The groundwork for Oil States was laid by the Court’s recent attempts to wall off a core set of issues for Article III courts without greatly disturbing its previous accommodations to modern government.60×60. See Stern v. Marshall, 564 U.S. 462, 493–94 (2011) (holding unconstitutional bankruptcy courts’ exercise of jurisdiction over certain state common law claims, while distinguishing the Court’s prior approval of administrative adjudications); N. Pipeline Constr. Co. v. Marathon Pipe Line Co., 458 U.S. 50, 70–72 (1982) (plurality opinion) (same). As government grew throughout the nineteenth and twentieth centuries, the Court approved non–Article III adjudications of an increasing variety of “public rights” disputes between the government and private parties with a series of evolving and not fully consistent rationales.61×61. See Gordon G. Young, Public Rights and the Federal Judicial Power: From Murray’s Lessee through Crowell to Schor, 35 Buff. L. Rev. 765, 789–840 (1986). Justifications range from sovereign immunity, see Murray’s Lessee v. Hoboken Land & Improvement Co., 59 U.S. (18 How.) 272, 284 (1856), to the political branches’ plenary power over certain questions, see Ex Parte Bakelite Corp., 279 U.S. 438, 458–59 (1929). In the 1930s, the Court even seemed to approve administrative adjudication of private rights (subject to de novo legal and deferential factual review), at least in technical areas requiring administrative expertise.62×62. Crowell v. Benson, 285 U.S. 22, 51–54 (1932); Young, supra note 61, at 787–89. More recently, however, the Court doubled down on the public/private rights distinction,63×63. See Stern, 564 U.S. at 488–91; N. Pipeline, 458 U.S. at 70 (plurality opinion) (insisting that “only [public rights] . . . may be removed from Art. III courts and delegated to legislative courts or administrative agencies for their determination”). while avoiding much upset to the administrative state by broadening the “public” rights category to include seemingly “private” disputes that are sufficiently intertwined with a federal regulatory regime.64×64. See Stern, 564 U.S. at 488–91. But the result — that “what makes a right ‘public’ rather than private is that the right is integrally related to particular Federal Government action”65×65. Id. at 490–91. — limits Article III’s protections in precisely those cases where independence from other federal actors might be most needed.66×66. For the criticism that the Court’s public rights jurisprudence gets Article III backward, affording the greatest constitutional protection to claims most marginal to the federal constitutional scheme, see Martin H. Redish, Legislative Courts, Administrative Agencies, and the Northern Pipeline Decision, 1983 Duke L.J. 197, 208–11.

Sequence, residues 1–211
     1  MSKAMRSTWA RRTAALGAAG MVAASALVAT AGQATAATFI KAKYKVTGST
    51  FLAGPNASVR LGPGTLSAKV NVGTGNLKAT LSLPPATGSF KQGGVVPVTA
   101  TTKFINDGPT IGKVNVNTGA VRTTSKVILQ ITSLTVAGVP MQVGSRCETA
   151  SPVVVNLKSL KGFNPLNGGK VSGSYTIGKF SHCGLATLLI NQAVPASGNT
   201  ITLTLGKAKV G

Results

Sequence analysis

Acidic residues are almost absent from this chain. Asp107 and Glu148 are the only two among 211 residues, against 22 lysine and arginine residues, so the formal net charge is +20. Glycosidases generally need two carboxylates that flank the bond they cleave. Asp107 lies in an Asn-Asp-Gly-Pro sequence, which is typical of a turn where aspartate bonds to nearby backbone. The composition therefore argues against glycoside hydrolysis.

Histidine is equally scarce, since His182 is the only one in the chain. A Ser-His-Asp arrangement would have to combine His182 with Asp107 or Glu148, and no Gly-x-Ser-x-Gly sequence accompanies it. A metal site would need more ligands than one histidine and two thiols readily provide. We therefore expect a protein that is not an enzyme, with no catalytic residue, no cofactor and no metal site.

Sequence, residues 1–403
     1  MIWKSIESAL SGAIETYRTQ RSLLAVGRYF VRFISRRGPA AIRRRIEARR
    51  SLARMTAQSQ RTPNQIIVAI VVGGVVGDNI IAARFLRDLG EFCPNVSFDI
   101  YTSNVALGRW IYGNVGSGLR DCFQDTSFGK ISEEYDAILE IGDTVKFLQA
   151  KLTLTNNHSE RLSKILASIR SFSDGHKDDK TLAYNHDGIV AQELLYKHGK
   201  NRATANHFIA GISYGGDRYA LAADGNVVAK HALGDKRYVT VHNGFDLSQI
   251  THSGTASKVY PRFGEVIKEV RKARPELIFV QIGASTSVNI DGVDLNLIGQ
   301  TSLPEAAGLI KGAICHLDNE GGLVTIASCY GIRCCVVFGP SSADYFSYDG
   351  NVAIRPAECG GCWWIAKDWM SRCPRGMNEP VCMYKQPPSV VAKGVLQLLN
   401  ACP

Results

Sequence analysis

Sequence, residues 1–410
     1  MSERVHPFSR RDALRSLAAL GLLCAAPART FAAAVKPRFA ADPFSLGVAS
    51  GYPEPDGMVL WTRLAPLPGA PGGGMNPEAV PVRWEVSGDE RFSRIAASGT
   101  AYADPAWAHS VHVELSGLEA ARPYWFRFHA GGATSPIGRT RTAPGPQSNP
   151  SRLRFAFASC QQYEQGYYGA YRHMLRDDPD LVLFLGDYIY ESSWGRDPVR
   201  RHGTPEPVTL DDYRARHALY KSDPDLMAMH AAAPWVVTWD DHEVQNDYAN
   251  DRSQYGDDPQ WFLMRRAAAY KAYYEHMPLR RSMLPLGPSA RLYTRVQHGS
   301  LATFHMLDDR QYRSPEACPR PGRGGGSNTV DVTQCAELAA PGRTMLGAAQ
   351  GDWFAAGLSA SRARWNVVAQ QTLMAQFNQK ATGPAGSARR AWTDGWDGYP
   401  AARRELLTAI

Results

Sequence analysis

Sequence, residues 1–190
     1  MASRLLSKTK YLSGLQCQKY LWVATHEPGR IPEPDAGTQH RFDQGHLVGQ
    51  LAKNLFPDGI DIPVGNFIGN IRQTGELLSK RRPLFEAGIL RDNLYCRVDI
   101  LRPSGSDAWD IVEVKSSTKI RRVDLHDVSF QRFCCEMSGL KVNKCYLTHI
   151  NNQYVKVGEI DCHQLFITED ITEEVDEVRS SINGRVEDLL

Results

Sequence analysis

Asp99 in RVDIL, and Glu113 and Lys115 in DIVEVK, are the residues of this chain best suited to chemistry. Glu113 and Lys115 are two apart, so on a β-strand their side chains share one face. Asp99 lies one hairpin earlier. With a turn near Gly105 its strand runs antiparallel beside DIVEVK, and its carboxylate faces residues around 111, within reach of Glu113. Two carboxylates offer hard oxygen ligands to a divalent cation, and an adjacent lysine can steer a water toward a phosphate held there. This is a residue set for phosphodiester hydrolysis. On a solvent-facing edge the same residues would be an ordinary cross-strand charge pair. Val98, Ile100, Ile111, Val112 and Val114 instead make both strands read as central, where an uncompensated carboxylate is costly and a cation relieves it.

Perhaps sensing this weakness, the Court in Stern v. Marshall67×67. 564 U.S. 462. inverted the usual formulation, demarcating not just where the public rights doctrine ends (a line that shifts with Congress’s decisions about how to structure a federal regulatory scheme), but also where Article III protections for private rights kick in. Transforming a pithy phrase from a prior Justice Rehnquist concurrence68×68. See N. Pipeline, 458 U.S. at 90 (Rehnquist, J., concurring in the judgment). into its holding, the Stern Court made clear: “When a suit is made of ‘the stuff of the traditional actions at common law tried by the courts at Westminster in 1789,’ and is brought within the bounds of federal jurisdiction, the responsibility for deciding that suit rests with Article III judges in Article III courts.”69×69. Stern, 564 U.S. at 484 (internal citation omitted) (quoting N. Pipeline, 458 U.S. at 90 (Rehnquist, J., concurring in the judgment)). While Stern continued to cite more flexible balancing tests for evaluating whether a right was public,70×70. See id. at 491 (first citing Thomas v. Union Carbide Agric. Prods. Co., 473 U.S. 568, 571–75 (1985); then citing Commodity Futures Trading Comm’n v. Schor, 478 U.S. 833, 836 (1986)). this language suggested that a historical pedigree stretching to Founding-era England sufficed to make it private.